Every shot (I think?) of this early-summer-of-2017 portrait is a double-exposure, in ways that often subjectively simulate living in a hyper-connected world, overlaying passive experience on top of its real-world ingestion. There’s less a plot than a network of characters the film alt-tabs between, whose appearances range from straight documentary to strained line-readings in a very video art experience. Wilkins, who kind of declared war on DCPs in last year’s short Indefinite Pitch, doubles down here for an ultra-specific bit of hilarity that caps off this successful stab at How We Live Now: surrounded by corporate speech, bemused by our phones, in ambient listening thrall to political developments far removed from our ability to effect change. — VR
Whose Streets? “We want to use our human stories to make the film more than about the issues — it’s about people trying to survive and have safety and education for their children,” said Sabaah Folayan when she and co-director Damon Davis were interviewed for Filmmaker‘s 2016 25 New Faces. “It’s about how activism can be part of one’s life, and what sacrifices you have to make to be part of an activist community.” Indeed, nearly three years after unarmed Michael Brown was shot dead by police in Ferguson, Missouri, Folayan and Davis present an urgent and necessary chronicling of his death and its aftermath, eschewing the strictures of the mainstream media narrative in favor of a collage-like portrait mixing various media — from beautifully shot high-def footage to lower-res smartphone videos — and commentary from local on-the-ground activists as well as engaged Twitter users. — SM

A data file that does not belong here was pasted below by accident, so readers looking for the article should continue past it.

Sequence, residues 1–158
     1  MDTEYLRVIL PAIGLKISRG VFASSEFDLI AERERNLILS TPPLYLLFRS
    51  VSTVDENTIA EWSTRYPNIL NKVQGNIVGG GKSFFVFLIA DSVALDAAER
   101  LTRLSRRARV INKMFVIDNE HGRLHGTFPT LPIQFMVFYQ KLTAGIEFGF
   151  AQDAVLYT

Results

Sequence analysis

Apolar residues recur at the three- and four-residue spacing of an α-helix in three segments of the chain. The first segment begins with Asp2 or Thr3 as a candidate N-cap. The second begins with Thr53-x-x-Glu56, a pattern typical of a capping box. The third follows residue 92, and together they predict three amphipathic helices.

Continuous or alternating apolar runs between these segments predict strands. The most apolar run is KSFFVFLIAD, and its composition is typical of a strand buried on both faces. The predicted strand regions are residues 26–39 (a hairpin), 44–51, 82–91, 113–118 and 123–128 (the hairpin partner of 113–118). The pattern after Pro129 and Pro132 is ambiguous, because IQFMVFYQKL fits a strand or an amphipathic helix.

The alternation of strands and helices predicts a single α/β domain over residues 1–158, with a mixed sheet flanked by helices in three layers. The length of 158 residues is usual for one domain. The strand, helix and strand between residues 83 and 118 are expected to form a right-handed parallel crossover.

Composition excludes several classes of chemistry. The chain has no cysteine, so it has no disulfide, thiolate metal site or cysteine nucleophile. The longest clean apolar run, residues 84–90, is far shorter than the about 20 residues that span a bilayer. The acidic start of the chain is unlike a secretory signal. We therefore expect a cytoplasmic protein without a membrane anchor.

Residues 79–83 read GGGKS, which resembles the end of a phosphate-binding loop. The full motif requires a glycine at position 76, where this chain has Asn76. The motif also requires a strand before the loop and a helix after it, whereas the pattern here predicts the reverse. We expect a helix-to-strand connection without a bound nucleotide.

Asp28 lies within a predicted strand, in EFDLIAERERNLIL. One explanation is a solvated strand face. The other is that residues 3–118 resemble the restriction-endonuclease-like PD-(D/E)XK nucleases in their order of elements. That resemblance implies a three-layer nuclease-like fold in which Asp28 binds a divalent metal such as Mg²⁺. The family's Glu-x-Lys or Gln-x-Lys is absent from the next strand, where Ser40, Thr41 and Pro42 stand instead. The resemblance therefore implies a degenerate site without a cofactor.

En el Séptimo Día. After much recent work helming TV, including episodes of The Good Wife and Mr. Robot, one of American independent cinema’s seminal directors, Jim McKay, makes what is sure to be a welcome return with this world premiere about an undocumented Mexican immigrant who must choose between his responsibilities to his soccer teammates and the financial imperatives of a job within a gentrifying community. In addition to this new feature, BAMcinemafest will also show a retrospective outdoor screening of McKay’s Our Town.
Golden Exits. Finally, here’s an excerpt of Vadim Rizov’s piece on Alex Ross Perry’s Golden Exits, which premiered at Sundance this year:
There is possibly a lot to pick at, not least the return of Queen of Earth‘s sister duologues, which do seem to emerge directly from a dude’s brain. And yet this sense of a movie emerging from a mind that can only be itself (rather than one which can accommodate and assimilate genuinely other voices) is a weakness that’s a strength: it’s certainly personal, conveys a strong POV and gives this formally modest film a fever dream aura that would otherwise be absent.
Read Rizov’s complete review at the link.